Although there are is an almost infinite number more of brush topics, this will be the wrap up for us. We have spent the last several weeks talking about how you can customize the brushes and even create your own. Today, we are going to discuss the tool that really can unleash the inner artist in you. If you are still using a mouse or a trackball in doing your masking or creative works, you are working with a distinct disadvantage. Some NAPPster said that “Drawing with a mouse is just like painting with a brick”. There is a much better and more natural way—a graphics tablet and pen. The Wacom tablets have been designed to maximize your control of the Adobe Interface and specifically the power of the brushes. The pen is both pressure and angle sensitive. Just like with a pencil, a paint brush or pastel chalk, the harder you press on the pen the darker the result and the wider the swath. I am not going to spend a lot of time describing how you can customize the tablet buttons specifically for the things you do in each application.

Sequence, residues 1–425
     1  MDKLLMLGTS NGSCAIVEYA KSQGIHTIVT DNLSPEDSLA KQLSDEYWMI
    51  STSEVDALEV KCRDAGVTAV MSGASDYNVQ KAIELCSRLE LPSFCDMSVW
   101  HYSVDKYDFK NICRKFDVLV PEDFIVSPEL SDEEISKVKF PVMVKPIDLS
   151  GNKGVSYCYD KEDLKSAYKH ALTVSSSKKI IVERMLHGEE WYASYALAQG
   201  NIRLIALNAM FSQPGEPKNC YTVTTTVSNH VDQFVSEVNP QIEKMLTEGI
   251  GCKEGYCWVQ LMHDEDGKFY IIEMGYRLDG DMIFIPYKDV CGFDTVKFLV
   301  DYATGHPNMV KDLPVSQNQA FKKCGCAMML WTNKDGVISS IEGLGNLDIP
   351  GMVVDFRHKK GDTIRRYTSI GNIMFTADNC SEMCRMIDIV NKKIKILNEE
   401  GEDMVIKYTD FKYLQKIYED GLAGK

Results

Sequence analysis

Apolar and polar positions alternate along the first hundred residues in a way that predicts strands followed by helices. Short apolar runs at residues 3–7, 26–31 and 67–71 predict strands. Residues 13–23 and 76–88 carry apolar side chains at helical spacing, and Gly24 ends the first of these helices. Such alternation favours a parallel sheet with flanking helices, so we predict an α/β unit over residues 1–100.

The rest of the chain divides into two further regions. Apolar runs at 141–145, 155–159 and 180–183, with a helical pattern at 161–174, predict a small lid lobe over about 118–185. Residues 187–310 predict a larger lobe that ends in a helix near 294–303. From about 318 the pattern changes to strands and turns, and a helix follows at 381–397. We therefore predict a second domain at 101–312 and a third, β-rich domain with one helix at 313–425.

Nor am I going to dwell on how even the ring controls can be tailored.
. Nope, I am going back to the brush menu to cover the two icons we didn’t discuss. The two circled icons tell Photoshop to let the pen controls override the settings.
On the left, the globe tells PS to let pen pressure control the opacity. Press lightly, and only a little color comes through. The control on the right tells the pen that the harder you press, the bigger the brush size will be.
In addition to all that coolness, if you go back into the Brush preset menu (F5), all those controls can also be set to be controlled by the pen pressure or the angle. The pen gives you very, very precise control. Don’t forget that each layer can be adjusted separately and the specialized layer effects applied. Now go out and create some cool art.